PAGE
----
The truth is that I don’t think I can be a great husband without having a strong faith; nor can I be a good father without being a good husband. And I can’t achieve what I want to achieve with our ranch if I’m not in good physical shape or don’t get proper sleep. Do you see how these priorities build upon each other?

Time will always be our most limiting resource. However, by establishing my top priority and making time to address it, I’ll find time for the next priority and then on down the line. I think that while time is always short, using it wisely actually multiplies it.

Subscribe now to Cow-Calf Weekly to get the latest industry research and information in your inbox every Friday!

Far more than work ethic and commitment, the key to keeping your resolutions for 2015 is to make sure those resolutions align with your priorities. Then ensure that you take care of the most important first. You can’t love someone or know what is on your children’s hearts without spending time with them. If you don’t make time for God, family and friends, you’ll find yourself behind in chasing your other priorities as well. Passion without a strong foundation is dangerous. Balance and priorities are the keys to seeing our resolutions become reality.

Keep a daily log of how you spend your time and you’ll understand where your priorities truly are. You may be quite surprised.

The opinions of Troy Marshall are not necessarily those of beefmagazine.com and the Penton Agriculture Group.

You might also like:

15 photos of cowboy hats in action

Breathtaking photos of winter on the ranch

6 tips for buyers & sellers at a cattle sale

Prevention and treatment of cow prolapse

Bale grazing lets cows feed themselves

8 tips for being a better ranch manager in 2015


 

5 biggest themes for the U.S. cattle industry in 2014

5 biggest themes for the U.S. cattle industry in 2014

What a year 2014 was; it’s surely one that we’ll talk about for generations. With that said, here is my take on what the beef industry’s five biggest themes were in 2014. Do you agree?

1.  Record prices. Tight supplies and strong demand created an ongoing string of record prices in all cattle categories, as well as record profitability. What’s more, this good fortune looks to continue into 2015 and beyond. No other industry story can approach this one in significance, and no story needs less description. The good news is that this is a story that is still being written.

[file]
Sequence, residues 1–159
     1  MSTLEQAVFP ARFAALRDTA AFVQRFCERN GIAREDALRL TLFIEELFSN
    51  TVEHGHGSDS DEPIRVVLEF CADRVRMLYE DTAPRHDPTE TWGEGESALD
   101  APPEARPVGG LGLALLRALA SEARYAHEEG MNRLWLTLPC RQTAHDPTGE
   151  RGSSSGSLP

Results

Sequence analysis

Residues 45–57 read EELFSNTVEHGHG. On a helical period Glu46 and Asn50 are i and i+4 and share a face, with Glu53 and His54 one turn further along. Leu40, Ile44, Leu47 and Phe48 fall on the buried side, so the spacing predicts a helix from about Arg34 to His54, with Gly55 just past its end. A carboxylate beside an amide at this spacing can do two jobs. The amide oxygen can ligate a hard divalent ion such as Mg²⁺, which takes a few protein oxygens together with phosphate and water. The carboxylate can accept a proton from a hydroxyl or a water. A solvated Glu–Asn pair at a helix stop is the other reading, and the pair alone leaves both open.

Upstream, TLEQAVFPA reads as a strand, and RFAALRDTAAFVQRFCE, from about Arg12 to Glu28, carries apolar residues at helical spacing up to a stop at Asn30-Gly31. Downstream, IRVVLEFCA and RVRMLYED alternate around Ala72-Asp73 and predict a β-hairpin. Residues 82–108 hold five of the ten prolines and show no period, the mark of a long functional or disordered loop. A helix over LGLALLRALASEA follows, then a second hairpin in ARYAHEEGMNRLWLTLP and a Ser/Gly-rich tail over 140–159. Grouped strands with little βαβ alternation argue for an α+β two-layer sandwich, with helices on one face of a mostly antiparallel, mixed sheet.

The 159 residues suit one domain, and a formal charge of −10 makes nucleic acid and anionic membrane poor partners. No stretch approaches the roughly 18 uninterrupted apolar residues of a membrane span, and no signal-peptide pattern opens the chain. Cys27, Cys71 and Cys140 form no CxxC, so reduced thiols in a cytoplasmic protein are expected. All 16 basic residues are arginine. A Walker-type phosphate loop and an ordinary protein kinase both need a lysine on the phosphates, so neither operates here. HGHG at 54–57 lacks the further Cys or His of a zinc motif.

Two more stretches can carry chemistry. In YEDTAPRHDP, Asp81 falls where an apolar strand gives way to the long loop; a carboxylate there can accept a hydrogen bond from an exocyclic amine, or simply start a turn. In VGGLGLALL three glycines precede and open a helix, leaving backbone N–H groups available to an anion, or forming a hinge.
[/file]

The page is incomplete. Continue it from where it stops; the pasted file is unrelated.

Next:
2.  The beef checkoff is healthier than any of us thought. Despite the failure of leadership that threatened to destroy the checkoff just a few short years ago, producer support for the checkoff remains at near all-time highs. Meanwhile, USDA Secretary Tom Vilsack’s attempt to create a second checkoff failed, which illustrated that while the current checkoff may not be perfect, it’s a pretty good system. When Vilsack rolled out the idea of a second checkoff, people realized what was really needed is the current checkoff, but with more dollars to invest and less government oversight.

3. Mandatory country-of-origin labeling (COOL). COOL increasingly looks like a great waste of industry resources. We fought battles within the industry, and we’ve brought down the wrath of the World Trade Organization on us as well. It was never a battle worth waging. The impact of COOL was minimal, the death of it inevitable, and the expenditure of so much industry effort simply worthless.

The leaders on both sides bear responsibility for this. We all were caught up in the ideology of this debate, which was significant, but the actual policy impact was not worth the political capital expended on either side. Never has an issue captured so much attention, time and money, and had so little impact. It is fitting that it is going out with a whimper, because it never amounted to much more than that.

4. The real industry threats are in Washington, D.C. Whether it’s the regulatory interpretation of the Clean Water Act, Clean Air Act, the Endangered Species Act or a host of other interactions between our industry and the federal regulatory apparatus, some of our biggest challenges continue to reside in our nation’s capital. The government continues to be a key determinant of profitability for many industries, increasingly deciding who the winners and losers will be within those industries.

How big of a factor is this in our business? Consider that cattlemen in highly regulated states like California and Florida were the first to begin creating budget items for lawyers and for supporting their cattlemen’s associations. That’s because they understood early on that their survival depended on going head-to-head with overzealous environmental interests. Today, that realization extends to every state in the union. With fewer folks involved in ranching, we must better support and utilize our state and national organizations to fight for our interests and future.

5. Profitability actually sparks innovation. A commodity mindset has always been revered in our industry. In a low-margin, capital-intensive, commodity-priced business model, it’s the low-cost producers who survive. We’ve been taught to squeeze a dime out of a nickel, and analyze any investment with a very sharp pencil. It was a necessity, but the industry is now learning that it also greatly limited innovation.